Preparing for Worship - October 30, 2016

This week we continue in our series in the Psalms by looking at Psalm 119:113-128. These two stanzas touch on the theme of what it's like to live as God's people in hostile territory. To view our full liturgy click here. Here are the songs that we'll sing together:


Style: This is a contemporary, up-tempo song that is perfect for a call to worship.

Song Info: This song was written as a collaborative effort between two of my favorite worship artists: Stuart Townend and Dustin Kensrue. It first appeared on Kensrue's 2013 album The Water and the Blood - in my opinion one of the greatest modern worship albums released in a long time. This song calls us to rejoice in the Lord, our maker. It leads us to sing and meditate on God's infinite perfections. It's appropriate here because we should come to God first with praise and adoration. Before we confess our sin, before we acknowledge our needs, before we make any requests we ought to first praise God and adore him for who he is.

Sheet MusicAudio


Style: We will play the traditional version of this song with a "folk rock" sort of feel. It will be mid-tempo.

Song Info: This hymn is one of the most famous and popular hymns of all time. It was written by Reginald Heber in the late 18th century. Its main focus is on the Trinity. It was even written to be used on "Trinity Sunday" but it has become much more widely used and beloved. It's appropriate at this moment in the worship service because we are still meditating on the transcendence and glory of God but also beginning to recognize our own inadequacies. The hymn sings: "...though the eyes of sinful man thy glory may not see."

Sheet MusicAudio


Style: This is a contemporary song done in the style of harmonious folk rock reminiscent of bands likeCrosby, Stills, Nash, Young and Fleet Foxes. It is mid-tempo and prayerful.

Song Info: This song was arranged and produced by Jody Killingsworth and Jake Mentzel in 2016. They are part of a group of pastors and musicians who work with Clearnote Churches. This song is part of a 10 song album released in 2016 that sets Psalms 1-10 to modern meter and music. They also take some liberties to add refrains to these songs and to rearrange lyrics in order to create rhyme (both of which are lacking from the Psalms).

The song itself is intended to be a faithful version of Psalm 3. Psalm singing has a tradition in the church that is as old as the psalms themselves - roughly 3500 years. Psalm 3 is a Psalm of David so it was written sometime around 1000BC. It is classified as a lament psalm - meaning that it is a cry for help to God that was originally written during a difficult situation in David's life - the psalm itself identifies this situation as Absalom's rebellion and David's flight from Jerusalem. This was a time of deep betrayal in David's life. During this time David raised his complaint to the Lord and recognized the precariousness of his very life. He asked that God would come to his defense by saving him and destroying his enemies - a prayer that was ultimately answered by the Lord.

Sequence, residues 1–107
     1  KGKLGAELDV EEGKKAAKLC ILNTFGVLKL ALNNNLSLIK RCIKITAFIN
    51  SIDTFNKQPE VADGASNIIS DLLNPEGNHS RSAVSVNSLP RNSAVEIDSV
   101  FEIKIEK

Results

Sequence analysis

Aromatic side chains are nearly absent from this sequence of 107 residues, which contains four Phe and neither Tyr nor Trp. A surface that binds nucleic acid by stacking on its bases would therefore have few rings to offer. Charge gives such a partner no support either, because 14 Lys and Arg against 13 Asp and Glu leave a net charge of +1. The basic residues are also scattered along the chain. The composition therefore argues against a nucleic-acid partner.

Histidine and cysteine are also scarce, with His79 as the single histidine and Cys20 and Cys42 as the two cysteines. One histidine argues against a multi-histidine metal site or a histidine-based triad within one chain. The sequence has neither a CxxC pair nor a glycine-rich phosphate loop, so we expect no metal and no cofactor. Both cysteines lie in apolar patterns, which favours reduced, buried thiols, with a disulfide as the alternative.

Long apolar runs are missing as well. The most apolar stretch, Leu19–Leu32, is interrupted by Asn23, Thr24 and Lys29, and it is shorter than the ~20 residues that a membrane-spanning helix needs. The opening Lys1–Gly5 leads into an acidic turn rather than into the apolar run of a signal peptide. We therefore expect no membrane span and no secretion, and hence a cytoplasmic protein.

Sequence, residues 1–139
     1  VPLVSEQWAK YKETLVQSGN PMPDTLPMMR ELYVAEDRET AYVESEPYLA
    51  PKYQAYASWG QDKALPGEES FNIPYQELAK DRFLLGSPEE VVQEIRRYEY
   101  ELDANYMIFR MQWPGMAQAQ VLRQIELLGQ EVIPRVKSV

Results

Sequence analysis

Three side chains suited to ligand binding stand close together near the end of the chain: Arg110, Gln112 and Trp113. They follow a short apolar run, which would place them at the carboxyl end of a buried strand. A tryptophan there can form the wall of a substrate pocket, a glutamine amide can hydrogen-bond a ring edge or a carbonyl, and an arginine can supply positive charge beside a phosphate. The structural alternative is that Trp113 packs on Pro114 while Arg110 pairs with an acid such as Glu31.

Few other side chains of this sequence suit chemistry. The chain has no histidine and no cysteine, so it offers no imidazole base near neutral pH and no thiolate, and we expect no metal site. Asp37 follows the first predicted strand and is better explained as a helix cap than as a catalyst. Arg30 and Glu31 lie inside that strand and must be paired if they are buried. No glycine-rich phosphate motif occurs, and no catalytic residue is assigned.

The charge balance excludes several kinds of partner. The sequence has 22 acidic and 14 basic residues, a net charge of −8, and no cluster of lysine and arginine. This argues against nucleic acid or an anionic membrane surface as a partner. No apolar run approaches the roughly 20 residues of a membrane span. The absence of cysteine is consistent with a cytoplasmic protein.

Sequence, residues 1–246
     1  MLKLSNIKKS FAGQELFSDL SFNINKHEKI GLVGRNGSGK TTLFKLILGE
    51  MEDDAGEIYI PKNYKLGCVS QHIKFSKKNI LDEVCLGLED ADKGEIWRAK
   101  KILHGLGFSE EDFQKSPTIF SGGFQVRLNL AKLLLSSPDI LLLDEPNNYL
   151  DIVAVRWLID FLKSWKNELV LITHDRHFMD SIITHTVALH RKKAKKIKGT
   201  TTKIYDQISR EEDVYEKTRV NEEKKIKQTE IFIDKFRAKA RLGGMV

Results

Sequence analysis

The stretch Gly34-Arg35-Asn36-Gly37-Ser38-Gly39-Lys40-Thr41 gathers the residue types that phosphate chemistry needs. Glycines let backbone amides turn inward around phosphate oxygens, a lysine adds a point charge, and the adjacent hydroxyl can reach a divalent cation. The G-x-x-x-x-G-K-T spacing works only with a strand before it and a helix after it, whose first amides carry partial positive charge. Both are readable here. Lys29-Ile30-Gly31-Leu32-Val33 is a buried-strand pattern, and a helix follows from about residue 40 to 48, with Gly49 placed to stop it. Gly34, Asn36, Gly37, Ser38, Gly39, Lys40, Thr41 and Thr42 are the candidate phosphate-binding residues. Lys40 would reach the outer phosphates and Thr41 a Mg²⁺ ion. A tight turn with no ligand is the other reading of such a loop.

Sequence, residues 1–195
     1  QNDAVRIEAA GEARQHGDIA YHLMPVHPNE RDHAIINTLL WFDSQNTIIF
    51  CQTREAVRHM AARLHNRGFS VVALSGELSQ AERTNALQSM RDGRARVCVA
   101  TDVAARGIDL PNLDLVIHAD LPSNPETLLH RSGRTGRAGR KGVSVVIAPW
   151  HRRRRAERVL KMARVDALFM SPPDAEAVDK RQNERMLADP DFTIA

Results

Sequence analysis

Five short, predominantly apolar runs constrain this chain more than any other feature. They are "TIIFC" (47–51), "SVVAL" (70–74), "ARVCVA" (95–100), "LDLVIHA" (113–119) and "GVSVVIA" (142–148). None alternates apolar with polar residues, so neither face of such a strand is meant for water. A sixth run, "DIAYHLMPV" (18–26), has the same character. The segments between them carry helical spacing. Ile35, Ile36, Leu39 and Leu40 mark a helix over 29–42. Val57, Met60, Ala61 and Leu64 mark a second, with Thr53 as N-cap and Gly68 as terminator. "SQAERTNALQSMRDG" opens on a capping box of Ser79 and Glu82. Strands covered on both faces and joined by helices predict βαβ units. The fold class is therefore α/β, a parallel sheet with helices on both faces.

Though we live in a time and place where we don't often have physical enemies like David did these psalms are still for us. One reason is because we do have enemies in the heavenly places who are seeking to destroy us. But another reason is that we have brothers and sisters in Christ around the world (and even around the block) who are being oppressed by a physical enemy. Psalms like this help us to identify with them.

Lead SheetAudio


Style: We will be playing the traditional version of this hymn. It is lo-tempo and contemplative.

Song Info: There seem to be hundreds of version of this hymn out there. The lyrics are so powerful that it has been covered and re-arranged by several artists. Yet the traditional hymn was written by Isaac Watts (lyrics) and Hugh Wilson (music) in the 18th century. This tune fits well at this point in the service because it causes us to meditate on our sinful condition before the Lord. Here we move from rejoicing in the Lord and his goodness in creation to our sinful response to God. Though God has showered infinite grace upon us in making us in his image, we have repaid him by rebelling against his rule in our lives. Yet this song is also about God's surprising mercy in sending his own Son to come as man and die for our rebellion.

Sheet MusicAudio


Style: We are playing a newer version of this hymn arranged by Dustin Kensrue. It is up-tempo and celebratory with an "indie rock" feel.

Song Info: The original hymn was written in 1763 by Augustus Toplady. Legend has it that one fateful evening Toplady was caught in the wilderness in the midst of a dangerous storm. He took shelter in the cleft of a large rock and this became the inspiration for the hymn: "Rock of ages cleft for me/ let me hide myself in thee." The hymn picks up on the biblical image of Jesus Christ being a "rock of refuge" for his people. The storm of God's wrath will sweep over the earth in order to remove sin. Sinners may take refuge in Jesus Christ to survive this storm.

This hymn was redone by Dustin Kensrue in 2013 and appeared on his album The Water and the Blood. It is appropriate at this moment in worship because of it's celebratory note. In the sermon we've heard about Jesus' work as rescuer and now we are able to enjoy our salvation and celebrate the refuge that he offers to us.

Lead SheetAudio

See you Sunday!